(Washington, DC) – Today, the United States Senate passed the FDA Safety and Innovation Act (FDASIA), landmark legislation that ensures the Food and Drug Administration (FDA) can approve prescription drugs, medical devices, and biosimilars quickly and effectively. Senator Richard Blumenthal (D-CT) championed a number of provisions that passed in this legislation, all of which will increase protections for consumers across the country.
“This measure renews the FDA’s ability to safeguard patients and drug safety, and also takes major steps to advance a dramatic expansion of FDA’s authority to prevent drug shortages and fight antibiotic resistant germs. I championed these proposals because of the threats to health posed by drastic drug shortages of workhorse medicines and anesthetics at hospitals and doctors’ offices, and the nightmarish threat posed by so-called ‘superbugs.’ Senate passage today exemplifies the progress we can make on key issues when working in a bipartisan fashion,” said Blumenthal.
Blumenthal introduced or helped lead the following nine priorities in FDASIA:
• Incentivizing the development of new antibiotics: While bacterial infections continue to become more resistant to traditional antibiotics, innovation of new antibiotics capable of combating these infections has slowed by an alarming rate. Blumenthal was responsible for the addition of the Generating Antibiotic Incentives Now Act to FDSIA, including five years of FDA Data Exclusivity for companies that develop innovative drugs to treat serious and life-threatening “superbugs”, priority review and fast-tracking for applications at FDA, and additional guidance for effective clinical trials from FDA.
• Mandated reporting on drug shortages: Last year, the FDA reported 178 drugs in shortage; shortages cost the U.S. health care system over $200 million annually. Many of these shortages went unreported to the FDA for too long, leaving hospitals to frantically search for alternative treatments. Blumenthal championed a provision to require all manufacturers to notify FDA at least six months in advance of any discontinuation of life-supporting or life-sustaining drugs, or any drugs intended for use in the prevention of a debilitating disease or condition.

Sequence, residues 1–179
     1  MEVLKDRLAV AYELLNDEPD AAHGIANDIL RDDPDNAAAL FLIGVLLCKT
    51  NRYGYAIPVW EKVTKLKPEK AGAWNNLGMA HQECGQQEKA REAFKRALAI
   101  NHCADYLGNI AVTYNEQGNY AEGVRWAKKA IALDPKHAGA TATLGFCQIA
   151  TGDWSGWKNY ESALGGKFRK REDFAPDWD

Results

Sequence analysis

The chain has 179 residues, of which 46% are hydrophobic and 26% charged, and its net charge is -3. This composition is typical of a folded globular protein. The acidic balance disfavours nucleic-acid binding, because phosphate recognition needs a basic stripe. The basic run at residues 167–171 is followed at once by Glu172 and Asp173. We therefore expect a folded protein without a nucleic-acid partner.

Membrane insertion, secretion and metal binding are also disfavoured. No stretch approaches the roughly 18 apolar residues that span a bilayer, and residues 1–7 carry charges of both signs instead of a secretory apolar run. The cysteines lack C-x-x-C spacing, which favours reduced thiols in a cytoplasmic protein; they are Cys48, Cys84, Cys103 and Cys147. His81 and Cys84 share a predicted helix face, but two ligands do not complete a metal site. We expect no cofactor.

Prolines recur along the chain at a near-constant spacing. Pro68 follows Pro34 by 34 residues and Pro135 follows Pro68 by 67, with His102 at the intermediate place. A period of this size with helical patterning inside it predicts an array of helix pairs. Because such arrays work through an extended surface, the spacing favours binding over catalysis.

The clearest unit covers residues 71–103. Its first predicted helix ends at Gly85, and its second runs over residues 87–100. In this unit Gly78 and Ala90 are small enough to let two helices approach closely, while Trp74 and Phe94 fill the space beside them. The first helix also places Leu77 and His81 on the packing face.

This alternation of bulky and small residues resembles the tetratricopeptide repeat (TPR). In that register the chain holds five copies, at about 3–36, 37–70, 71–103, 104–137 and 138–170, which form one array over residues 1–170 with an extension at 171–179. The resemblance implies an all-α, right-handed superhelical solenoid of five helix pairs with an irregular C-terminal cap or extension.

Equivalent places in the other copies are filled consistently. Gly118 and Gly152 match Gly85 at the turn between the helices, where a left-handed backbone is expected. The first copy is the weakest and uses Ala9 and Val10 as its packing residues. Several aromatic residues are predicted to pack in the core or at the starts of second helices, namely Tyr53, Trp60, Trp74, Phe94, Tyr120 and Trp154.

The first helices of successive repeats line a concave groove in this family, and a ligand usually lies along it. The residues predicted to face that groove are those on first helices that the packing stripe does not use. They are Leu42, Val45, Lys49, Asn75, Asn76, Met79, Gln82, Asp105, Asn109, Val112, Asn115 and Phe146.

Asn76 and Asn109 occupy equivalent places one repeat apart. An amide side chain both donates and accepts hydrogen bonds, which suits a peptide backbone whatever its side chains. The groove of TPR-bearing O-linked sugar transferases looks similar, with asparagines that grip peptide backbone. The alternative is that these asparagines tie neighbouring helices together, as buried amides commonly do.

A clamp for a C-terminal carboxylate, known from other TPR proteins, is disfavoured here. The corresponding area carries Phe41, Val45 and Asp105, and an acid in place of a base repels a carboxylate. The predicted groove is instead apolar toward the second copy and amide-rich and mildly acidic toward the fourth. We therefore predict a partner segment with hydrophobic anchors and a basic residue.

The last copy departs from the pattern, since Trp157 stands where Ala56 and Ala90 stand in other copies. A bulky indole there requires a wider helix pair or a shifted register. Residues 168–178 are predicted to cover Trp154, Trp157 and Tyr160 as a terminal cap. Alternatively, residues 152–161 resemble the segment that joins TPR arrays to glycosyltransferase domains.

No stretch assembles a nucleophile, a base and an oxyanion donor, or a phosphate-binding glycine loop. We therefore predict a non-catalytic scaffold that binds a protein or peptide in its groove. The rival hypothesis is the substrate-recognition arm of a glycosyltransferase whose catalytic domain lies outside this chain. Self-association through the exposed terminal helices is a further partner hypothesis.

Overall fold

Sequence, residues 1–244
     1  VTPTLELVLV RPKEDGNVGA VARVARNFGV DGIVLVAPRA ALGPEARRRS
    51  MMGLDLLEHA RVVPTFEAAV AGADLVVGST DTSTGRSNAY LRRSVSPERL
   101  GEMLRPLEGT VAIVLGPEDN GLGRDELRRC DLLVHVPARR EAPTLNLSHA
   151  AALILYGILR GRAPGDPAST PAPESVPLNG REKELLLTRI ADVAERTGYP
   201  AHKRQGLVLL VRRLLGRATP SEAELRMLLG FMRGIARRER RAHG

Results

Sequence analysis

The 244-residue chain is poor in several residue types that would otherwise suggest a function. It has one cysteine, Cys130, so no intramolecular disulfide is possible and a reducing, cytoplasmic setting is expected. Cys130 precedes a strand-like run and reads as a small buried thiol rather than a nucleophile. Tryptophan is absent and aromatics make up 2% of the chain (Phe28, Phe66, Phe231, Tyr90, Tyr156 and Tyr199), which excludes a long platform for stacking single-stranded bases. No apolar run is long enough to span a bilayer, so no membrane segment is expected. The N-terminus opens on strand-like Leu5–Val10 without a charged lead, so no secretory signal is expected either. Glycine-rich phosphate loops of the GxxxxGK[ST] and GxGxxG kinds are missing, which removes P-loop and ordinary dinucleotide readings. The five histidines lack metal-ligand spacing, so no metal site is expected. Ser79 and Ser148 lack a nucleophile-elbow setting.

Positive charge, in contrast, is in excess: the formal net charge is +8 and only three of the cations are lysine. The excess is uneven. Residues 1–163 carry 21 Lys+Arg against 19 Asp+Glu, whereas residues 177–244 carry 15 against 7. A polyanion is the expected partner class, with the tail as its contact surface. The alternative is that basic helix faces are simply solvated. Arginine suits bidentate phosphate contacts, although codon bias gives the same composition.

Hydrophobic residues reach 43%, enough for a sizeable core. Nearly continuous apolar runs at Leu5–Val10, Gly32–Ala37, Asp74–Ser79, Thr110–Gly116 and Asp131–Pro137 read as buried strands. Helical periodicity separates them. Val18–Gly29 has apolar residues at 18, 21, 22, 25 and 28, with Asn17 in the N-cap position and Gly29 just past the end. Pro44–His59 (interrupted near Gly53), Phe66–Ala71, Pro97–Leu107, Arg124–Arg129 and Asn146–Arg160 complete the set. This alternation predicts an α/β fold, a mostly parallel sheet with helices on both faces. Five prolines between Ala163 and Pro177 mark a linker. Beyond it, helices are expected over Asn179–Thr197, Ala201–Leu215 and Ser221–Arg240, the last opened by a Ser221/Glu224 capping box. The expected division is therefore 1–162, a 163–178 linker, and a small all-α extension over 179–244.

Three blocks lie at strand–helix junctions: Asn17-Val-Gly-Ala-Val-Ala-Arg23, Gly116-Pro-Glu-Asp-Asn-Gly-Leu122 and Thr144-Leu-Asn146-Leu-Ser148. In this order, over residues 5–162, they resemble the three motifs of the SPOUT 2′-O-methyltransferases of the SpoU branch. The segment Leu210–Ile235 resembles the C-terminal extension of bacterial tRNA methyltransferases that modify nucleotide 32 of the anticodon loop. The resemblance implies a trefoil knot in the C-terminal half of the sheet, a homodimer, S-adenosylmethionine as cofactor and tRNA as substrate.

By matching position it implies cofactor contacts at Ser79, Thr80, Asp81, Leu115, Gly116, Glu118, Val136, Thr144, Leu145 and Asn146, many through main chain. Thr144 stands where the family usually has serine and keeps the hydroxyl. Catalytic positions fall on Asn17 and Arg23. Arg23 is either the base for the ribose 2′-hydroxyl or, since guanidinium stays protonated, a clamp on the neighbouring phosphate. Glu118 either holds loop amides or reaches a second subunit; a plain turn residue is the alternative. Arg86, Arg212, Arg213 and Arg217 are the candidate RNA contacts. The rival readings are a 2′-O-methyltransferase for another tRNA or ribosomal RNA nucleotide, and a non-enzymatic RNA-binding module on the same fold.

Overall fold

• Expedited inspections and review of applications: When a drug is in shortage, other manufacturers are prevented from quickly producing it because the FDA must first approve the new manufacturer’s drug and inspect the manufacturing site. Blumenthal’s provision will give the Secretary of Health and Human Services the authority to prioritize New Drug Applications and plant inspections for drugs that are in shortage, or are at risk for being in shortage in the future.
• Congressional reporting on market manipulation and drug pricing: Currently, information on market manipulation and drug pricing is unavailable to Congress. Blumenthal championed a provision to require the Department of Health and Human Services, in coordination with other federal agencies, to report to Congress any findings that drug shortages have led market participants to stockpile affected drugs or sell them at significantly increased prices.
• Distribution of information to health care providers: Today, health care providers are provided with little, if any, advance notice of discontinuance of certain drugs. Blumenthal’s provision directs the FDA to develop better disseminate information about drug shortages to providers on a real-time basis.
• Enhancing penalties for creating, selling, or dispensing counterfeit drugs: Counterfeit drugs are increasingly developed and sold by a number of parties throughout the country and abroad, posing extreme safety threats to consumers. Blumenthal supported provisions to enhance the penalty for those who create, sell, or dispense counterfeit drugs, increasing the penalty to maximum 20 years imprisonment or a maximum fine of $1 million.
Medical Device Safety
• Improved recall process: The Government Accountability Office found last year that the FDA was unable effectively identify when unsafe devices were on the market. Blumenthal introduced legislation to require FDA to assess its recalls, and implement an electronic system that and can identify trends in unsafe devices on a real-time basis to track potential medical device issues before they happen.
• Enhancement of post-market surveillance tools: Currently, the FDA can only require post-market surveillance on 510(k) pathway devices if there is a sign of safety concerns, or if the device is high-risk. As a result, FDA must wait for a sign of harm before requiring surveillance of a device. Blumenthal’s legislation clarifies existing language to explain that FDA has authority to require post-market surveillance in the 510(k) expedited device approval process.
Medical Gas Regulation
• Creation of an approval process for medical gases: Currently, medical gases, like Oxygen and Nitrous Oxide, are widely used, yet to date, no regulation or approval process exists at the FDA, creating uncertainty for manufacturers and for consumers. Blumenthal created a mechanism in the FDSIA for FDA to approve medical gases before they come to the market.